A main obstacle to deploy body-worn sensor-based wearable systems in free-living settings is the limited battery life. Runtime of devices such miniature accessories and garment can barely cover the time of a daily activity. A continuous long-term behavioural monitoring system requires energy to sample sensor data, to store or transmit them, but also to perform on-line processing, data abstraction and, in some application, interaction with the user.
Behavioural events are sparse in time. Activities are spaced out by “uninteresting” periods. Continuous sampling is a non-optimised solution. The dilemma is how to efficiently trading-off between quality of information, by perceiving meaningful features from the environment, and saving on-board energy.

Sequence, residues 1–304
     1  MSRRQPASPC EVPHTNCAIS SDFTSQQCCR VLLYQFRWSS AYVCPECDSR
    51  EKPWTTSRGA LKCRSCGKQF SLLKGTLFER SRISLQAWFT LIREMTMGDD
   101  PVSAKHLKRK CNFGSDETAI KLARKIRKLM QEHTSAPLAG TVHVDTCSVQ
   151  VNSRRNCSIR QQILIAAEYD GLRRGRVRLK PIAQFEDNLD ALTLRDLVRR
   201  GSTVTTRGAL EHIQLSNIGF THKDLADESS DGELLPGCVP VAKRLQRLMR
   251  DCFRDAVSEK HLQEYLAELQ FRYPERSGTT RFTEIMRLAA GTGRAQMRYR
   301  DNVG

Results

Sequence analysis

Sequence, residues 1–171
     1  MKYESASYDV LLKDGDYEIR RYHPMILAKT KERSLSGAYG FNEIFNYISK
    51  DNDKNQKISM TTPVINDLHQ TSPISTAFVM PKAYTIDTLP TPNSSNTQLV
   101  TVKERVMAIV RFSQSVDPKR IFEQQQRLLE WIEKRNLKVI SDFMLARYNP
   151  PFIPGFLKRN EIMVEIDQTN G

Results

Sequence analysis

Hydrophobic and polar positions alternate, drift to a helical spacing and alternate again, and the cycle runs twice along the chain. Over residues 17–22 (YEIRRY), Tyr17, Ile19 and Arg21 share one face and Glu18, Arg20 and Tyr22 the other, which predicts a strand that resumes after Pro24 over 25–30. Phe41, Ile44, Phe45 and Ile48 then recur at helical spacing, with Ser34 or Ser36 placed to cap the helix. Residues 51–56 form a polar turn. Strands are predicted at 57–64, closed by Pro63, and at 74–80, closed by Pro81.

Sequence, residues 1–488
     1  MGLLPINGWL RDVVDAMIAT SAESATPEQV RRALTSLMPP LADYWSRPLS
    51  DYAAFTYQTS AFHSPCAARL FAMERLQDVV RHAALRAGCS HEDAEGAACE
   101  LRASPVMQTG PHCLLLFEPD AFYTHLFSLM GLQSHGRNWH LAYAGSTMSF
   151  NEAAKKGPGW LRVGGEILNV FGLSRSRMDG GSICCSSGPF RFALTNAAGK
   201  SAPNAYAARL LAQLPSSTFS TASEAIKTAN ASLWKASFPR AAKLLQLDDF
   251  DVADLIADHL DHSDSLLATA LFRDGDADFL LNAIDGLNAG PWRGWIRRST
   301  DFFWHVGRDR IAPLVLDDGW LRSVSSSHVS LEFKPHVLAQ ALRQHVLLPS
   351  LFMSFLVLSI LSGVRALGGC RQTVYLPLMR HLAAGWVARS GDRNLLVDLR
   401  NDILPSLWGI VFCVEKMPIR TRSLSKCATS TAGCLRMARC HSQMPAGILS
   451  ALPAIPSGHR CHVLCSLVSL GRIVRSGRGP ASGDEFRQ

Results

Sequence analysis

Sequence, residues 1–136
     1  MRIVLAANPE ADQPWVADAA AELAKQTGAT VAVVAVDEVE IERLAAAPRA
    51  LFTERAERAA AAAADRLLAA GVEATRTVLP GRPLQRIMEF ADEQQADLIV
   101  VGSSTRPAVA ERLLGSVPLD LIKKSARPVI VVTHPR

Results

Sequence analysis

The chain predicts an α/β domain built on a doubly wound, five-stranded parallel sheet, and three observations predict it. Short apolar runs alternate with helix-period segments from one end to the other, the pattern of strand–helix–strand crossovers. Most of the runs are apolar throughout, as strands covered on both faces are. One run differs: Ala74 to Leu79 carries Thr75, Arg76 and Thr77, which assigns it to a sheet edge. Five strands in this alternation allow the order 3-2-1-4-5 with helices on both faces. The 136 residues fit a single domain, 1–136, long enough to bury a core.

By actively changing the duty-cycle the sensor is kept in sleep mode most of the time and active state is requested in response to some interesting activity.
"Saving energy on wrist-mounted inertial sensors by motion-adaptive duty-cycling in free-living", Proceedings of the 2018 IEEE 15th International Conference on Wearable and Implantable Body Sensor Networks (BSN '18), IEEE, March 2018.,
This research project is partially funded by the European Union H2020 MSCA ITN ACROSSING project (GA no. 616757).